Editorial: Artificial Intelligence (AI) as a multidisciplinary approach is the science and engineering of building intelligent machines capable of performing tasks that typically require human intelligence. The emergence of fast-growing AI-related techniques and technologies revolutionized many businesses, including healthcare management. In other words, the practice of medicine is rapidly changing in all fields of diagnosis, treatment, and prognosis. As the number of involved parameters and factors in medical decision-making processes is vast, conclusive decision-making becomes a more complex task that needs expertise, focus, and attention. The advent of AI-based tools compensates for the lack of focus and attention in vital decision-making procedures. In addition, with the emergence of advanced radiology, genetic, proteomic, metabolic, and pathological data, AI-based computational methods are mandatory to extract meaningful and useful patterns from these complex unstructured data to support physicians in decision-making.
Furthermore, AI allows for eliminating some expensive and life-threatening procedures such as unnecessary biopsies in different stages of diseases. Urology as a broad major in medicine is not an exception. Therefore, many practices, such as urolithiasis, pediatric urology, uro-oncology, uropathology, uroradiology, and renal transplant, are potentially changing using advanced AI tools and techniques (1, 2, 3, 4). Among great AI techniques, machine learning (ML) is gaining more attention for the modeling and analysis of medical data. Moreover, Deep Learning (DL) as a branch of ML can perform modeling as an end-to-end learning machine without any feature engineering, especially in cases with complex unstructured data (5).
AI models, usually embedded in computer-aided detection/diagnosis systems, can diagnose and detect different urological disorders and diseases via the knowledge they learned from historical medical records. These systems support urologists in complex and life-changing decision-making processes, especially in diagnosing urological cancers. Prostate cancer is one of the most common urological cancer that beneficiary from AI to be precisely diagnosed. AI can analyze magnetic resonance images of the prostate gland to contour the gland, characterize its tissue, and grade cancer (6). Accurate tumor detection, grading, and staging in bladder cancer are possible by analyzing non-invasive imaging data without the need for any invasive biopsy (7, 8, 9). Histopathological images of urological organs can be automatically analyzed to improve diagnostic accuracy in cancer detection and grading (10). More interestingly, AI allows discriminating complex clinical situations, e.g., differentiating Gleason score six from 7; and distinguishing clear cell Renal Cell Carcinoma (RCC) and papillary RCC with a promising accuracy (11, 12).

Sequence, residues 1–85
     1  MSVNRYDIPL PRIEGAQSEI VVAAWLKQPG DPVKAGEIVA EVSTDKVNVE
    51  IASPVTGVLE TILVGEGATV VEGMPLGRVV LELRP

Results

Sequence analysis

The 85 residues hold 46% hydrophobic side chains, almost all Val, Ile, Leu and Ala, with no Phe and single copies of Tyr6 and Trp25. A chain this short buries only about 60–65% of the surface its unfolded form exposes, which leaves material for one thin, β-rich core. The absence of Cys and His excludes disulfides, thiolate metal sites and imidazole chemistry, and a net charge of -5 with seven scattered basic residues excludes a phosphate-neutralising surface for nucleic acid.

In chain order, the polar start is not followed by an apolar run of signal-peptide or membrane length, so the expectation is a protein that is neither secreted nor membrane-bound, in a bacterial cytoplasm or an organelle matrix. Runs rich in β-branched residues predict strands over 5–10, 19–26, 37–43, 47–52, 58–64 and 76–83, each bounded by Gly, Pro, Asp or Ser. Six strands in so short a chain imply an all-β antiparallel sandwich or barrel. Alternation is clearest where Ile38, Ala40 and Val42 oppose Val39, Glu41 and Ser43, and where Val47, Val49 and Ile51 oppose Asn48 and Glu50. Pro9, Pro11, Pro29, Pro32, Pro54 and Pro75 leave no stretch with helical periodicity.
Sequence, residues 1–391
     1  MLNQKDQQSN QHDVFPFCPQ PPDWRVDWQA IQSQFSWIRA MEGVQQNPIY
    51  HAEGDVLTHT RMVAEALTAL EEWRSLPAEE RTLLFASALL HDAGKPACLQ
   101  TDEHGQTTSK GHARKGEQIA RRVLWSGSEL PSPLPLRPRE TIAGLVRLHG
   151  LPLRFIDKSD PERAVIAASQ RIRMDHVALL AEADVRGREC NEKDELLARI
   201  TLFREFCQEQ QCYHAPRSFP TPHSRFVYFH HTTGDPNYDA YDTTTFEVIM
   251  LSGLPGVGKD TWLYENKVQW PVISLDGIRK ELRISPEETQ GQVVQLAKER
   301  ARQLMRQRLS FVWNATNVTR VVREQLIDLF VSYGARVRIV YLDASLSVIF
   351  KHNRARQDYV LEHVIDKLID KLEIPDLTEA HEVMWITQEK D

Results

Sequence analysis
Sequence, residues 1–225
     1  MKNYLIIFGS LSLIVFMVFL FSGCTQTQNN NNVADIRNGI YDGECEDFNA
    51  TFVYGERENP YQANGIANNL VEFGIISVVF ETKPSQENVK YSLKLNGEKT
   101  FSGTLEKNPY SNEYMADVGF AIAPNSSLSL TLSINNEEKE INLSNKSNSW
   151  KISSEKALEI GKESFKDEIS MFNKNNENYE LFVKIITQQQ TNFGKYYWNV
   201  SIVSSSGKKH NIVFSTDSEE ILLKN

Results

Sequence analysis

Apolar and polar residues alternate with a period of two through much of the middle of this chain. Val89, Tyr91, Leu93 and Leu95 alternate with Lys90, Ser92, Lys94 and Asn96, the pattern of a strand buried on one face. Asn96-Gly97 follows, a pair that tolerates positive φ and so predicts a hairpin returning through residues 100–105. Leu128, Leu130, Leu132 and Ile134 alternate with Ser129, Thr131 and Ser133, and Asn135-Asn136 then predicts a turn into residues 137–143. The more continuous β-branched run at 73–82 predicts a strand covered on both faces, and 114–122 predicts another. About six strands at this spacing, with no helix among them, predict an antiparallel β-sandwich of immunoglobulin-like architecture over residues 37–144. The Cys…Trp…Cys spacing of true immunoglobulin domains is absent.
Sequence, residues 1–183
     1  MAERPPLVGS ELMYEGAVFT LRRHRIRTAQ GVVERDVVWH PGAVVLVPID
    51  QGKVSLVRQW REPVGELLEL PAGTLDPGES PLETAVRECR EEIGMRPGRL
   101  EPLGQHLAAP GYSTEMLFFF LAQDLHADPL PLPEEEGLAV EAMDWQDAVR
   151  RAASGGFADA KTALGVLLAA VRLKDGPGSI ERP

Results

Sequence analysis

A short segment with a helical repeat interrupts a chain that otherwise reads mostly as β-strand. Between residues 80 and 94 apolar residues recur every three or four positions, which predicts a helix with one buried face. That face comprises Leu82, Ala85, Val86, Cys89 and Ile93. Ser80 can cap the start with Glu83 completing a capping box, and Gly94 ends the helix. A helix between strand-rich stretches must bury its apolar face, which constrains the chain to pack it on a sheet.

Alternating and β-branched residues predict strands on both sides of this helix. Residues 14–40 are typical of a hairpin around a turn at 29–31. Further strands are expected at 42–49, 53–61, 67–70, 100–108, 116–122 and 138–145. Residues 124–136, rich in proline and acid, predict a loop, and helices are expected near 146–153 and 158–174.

AI facilitates the diagnosis of urological disease after the appearance of symptoms and allows early diagnosis before the symptoms start or the disease spreads. This allows high-risk warning people and designing different screening programs in the very early stages of the disease. Early detection of RCC (13) and kidney stones (14) are examples of urological disorders which AI can perform.
The AI techniques used in the diagnosis processes can be transferred to the treatment processes to prevent over/under treatment. In other words, accurate, personalized treatment planning based on patient-specific data can be suggested by AI models. Accurate volume measurement and localization of both urological organs and urological tissue abnormalities allow for monitoring of disease progression over time. Moreover, calculating the exact amount of radiation dosage and drug selection in the treatment procedure is determined by AI models.
AI techniques can also be employed to predict urological conditions' results accurately. Precise prediction of treatment response, recurrence, and survival allows urologists to know their practices' results in advance.
As a complementary technology, AI is attempting to change urology practice nowadays, thanks to health information services. AI-powered urologists can rapidly make complex and non-linear medical decisions in cases of noisy, complex, heterogeneous, and incomplete data. Therefore, false diagnoses and other medical errors will be reduced. AI techniques attempt to explain their decision (how the disease patterns and correlations are found) to support urologists more rationally. Moreover, high quality, high quantity, variety, and density of medical data improve the performance of AI models. Finally, it is highly recommended that urologists, uro-radiologists, uro-pathologists, and uro-oncologists use AI techniques to improve their performance in challenging diagnosis, prognosis, and treatment planning conditions.
HH designed the work and wrote the manuscript. AAA and HSR revised the manuscript critically. All authors reviewed and edited the manuscript and approved the final version of the manuscript.
Conflict of interest
The authors declare that there is no conflict of interest.
There is no funding.
AI Artificial intelligence
RCC Renal cell carcinoma